Jens von Bergmann

4 minute read

How much have City of Vancouver neighbourhoods changed 2016-2021? We have our interactive Canada-wide population change map on CensusMapper showing 2016-2021 population change down to the census tract level, and we have looked at finer geography population change using TongFen. But sometimes we don’t want maps but just a list of how city neighbourhoods changed.

The city pulls a custom tabulation for city neighbourhood geographies for every census, but that will still take more than year until that arrives. Until then we can use TongFen to get good estimates, just like what we did for our deadbeat zoning post to go down to block level and build a least common denominator geography for the 2016 and 2021 based on the respective dissemination blocks. Then we can categorize the geographies by which neighbourhood they (mostly) fall in. Strictly speaking we are going to look at the City of Vancouver together with Musqueam 2, which is part of the Dunbar-Southlands neighbourhood.

Let’s take a look what that matchup between the (harmonized) dissemination blocks and the city neighbourhoods looks like.

Overall the match is good, with the exception of a small areas of Kerrisdale bleeding into Dunbar-Southlands in this classification. We will ignore this for this post. Part of the advantage of creating the unified geography is that the population in that area will be consistently classified as Dunbar-Southlands for both censuses.

Absolute population change

First, let’s look at absolute population change. Which neighbourhood added the most people, and which added the least.

It’s probably not a surprise that Downtown, Mount Pleasant, and Marpole lead the pack. That’s where a lot of the development in this city has been concentrated over this cycle. On the other end of the spectrum we see neighbourhoods with population drops, with the “No Towers” neighbourhood of Grandview-Woodland seeing the highest population drop. In total, the census counted 28 more dwelling units in 2021 compared to 2016 in Grandview-Woodland, not nearly enough to make up for other demographic factors like declining household size.

We don’t have income data yet, but it will be interesting to see the effects of the gentrification pressure on Grandview Woodland resulting from this lack of adding housing. Looking at census tract level taxfiler data that takes us up to 2017 Grandview-Woodland stands out as one of the areas with the highest drop in low-income population and large increase in median income.

Relative population change

Not all neighbourhoods are the same (population) size, so growth by the same number of people can feel different in different neighbourhoods. Let’s look at relative population change by neighbourhood.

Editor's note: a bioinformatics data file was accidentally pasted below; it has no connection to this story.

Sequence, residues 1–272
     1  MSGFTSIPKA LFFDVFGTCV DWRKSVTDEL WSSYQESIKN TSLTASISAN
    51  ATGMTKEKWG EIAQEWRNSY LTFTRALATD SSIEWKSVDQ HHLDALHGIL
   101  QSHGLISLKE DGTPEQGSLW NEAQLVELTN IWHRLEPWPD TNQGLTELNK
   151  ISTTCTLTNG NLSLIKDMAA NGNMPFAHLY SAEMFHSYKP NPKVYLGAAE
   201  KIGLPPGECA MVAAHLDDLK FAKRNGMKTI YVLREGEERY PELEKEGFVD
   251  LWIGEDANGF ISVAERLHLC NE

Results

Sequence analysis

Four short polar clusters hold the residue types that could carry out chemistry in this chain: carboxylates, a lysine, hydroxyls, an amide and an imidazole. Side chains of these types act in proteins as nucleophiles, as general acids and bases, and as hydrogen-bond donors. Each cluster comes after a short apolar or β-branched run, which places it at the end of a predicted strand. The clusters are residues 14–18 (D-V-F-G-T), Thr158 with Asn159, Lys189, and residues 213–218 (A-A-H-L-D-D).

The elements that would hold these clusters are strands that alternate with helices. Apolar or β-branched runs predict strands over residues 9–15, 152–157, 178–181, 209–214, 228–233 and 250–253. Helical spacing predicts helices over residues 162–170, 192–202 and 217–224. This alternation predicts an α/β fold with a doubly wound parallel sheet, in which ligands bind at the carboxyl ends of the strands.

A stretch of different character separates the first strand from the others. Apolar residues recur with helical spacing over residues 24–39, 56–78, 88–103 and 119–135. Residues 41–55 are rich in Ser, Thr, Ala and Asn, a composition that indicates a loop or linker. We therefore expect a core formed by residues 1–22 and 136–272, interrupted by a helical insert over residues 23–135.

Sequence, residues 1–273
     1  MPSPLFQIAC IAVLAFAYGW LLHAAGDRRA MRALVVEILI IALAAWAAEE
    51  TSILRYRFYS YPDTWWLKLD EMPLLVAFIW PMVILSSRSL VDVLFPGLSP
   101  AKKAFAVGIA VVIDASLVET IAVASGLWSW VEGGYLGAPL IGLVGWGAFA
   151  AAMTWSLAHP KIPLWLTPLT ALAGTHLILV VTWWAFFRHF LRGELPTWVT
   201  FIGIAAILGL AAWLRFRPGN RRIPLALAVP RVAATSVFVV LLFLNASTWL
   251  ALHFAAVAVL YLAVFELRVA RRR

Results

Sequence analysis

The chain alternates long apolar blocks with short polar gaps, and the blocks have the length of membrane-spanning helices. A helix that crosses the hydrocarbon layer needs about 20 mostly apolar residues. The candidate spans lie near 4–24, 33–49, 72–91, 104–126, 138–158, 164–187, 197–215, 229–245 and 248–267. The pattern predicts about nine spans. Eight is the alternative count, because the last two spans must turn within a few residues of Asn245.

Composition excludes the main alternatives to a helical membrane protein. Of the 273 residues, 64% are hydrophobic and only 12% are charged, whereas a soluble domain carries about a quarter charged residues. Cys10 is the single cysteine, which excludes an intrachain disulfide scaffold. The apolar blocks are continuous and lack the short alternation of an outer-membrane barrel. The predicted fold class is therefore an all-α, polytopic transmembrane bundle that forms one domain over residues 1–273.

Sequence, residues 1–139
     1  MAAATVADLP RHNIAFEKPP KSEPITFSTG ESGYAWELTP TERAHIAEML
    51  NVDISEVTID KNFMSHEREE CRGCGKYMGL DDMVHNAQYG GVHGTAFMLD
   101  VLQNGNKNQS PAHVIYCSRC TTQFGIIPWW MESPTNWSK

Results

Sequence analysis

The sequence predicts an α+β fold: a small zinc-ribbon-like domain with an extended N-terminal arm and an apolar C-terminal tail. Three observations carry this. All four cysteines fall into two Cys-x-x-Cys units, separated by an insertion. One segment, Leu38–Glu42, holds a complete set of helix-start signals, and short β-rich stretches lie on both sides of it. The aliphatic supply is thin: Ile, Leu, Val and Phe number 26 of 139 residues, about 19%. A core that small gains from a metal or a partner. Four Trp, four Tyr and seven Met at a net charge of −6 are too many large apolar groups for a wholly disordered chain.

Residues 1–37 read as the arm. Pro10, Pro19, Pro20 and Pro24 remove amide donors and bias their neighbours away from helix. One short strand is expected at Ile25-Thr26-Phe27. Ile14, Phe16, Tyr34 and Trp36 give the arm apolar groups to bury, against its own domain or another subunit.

That reshuffles things a little, with South Cambie rising to the top where densification along the Cambie Corridor has added significant population to the otherwise fairly low-population neighbourhood. At the bottom end Shaughnessey takes the lead, due to its already quite small starting population.

When comparing to the city average growth rate there have to be neighbourhoods that punch above their weight and neighbourhoods that fall below the average. For the next round we should pay special attention to those neighbourhoods that have fallen behind, and especially to the deadbeat neighbourhoods that have gone the opposite direction and dropped population.

Components of population change

One useful way to slice the data is to break down the population change into three components:

  • population change due to a (net) change in dwelling units,
  • population change due to a change in household size,
  • population change due to a change in dwellings unoccupied by usual residents.

At this point it’s a bit of a hack because we should be using population in private households instead of overall population, but that data is not yet available and the difference for larger areas like city neighbourhoods won’t be large and we will gloss over this detail. This gives a pretty good idea why population has changed.

We see that declining household size has been a major component in the population change in most areas. In particular the population loss in Victoria-Fraserview is entirely due to a drop in average household size in this period, while population increased due to increased dwelling stock and decrease in unoccupied dwellings. Grandview-Woodland really stands out with it’s dismal dwelling growth.

What’s interesting is that the decrease in unoccupied dwellings, and associated increase in population, can be seen across almost all neighbourhoods, with the exception of the West End, Fairview and Grandview-Woodland. While it’s good to remember that this metric is difficult to interpret and outliers in some areas should be expected, it is consistent with the notion that the Empty Homes Tax and Speculation and Vacancy tax had some effect.

We also have an interactive Canada-wide map on CensusMapper showing these components of population change in each region down to the census tract level.

As usual, the code for this post, including the code to scrape the data out of the PDFs, is available on GitHub for anyone to reproduce or adapt.

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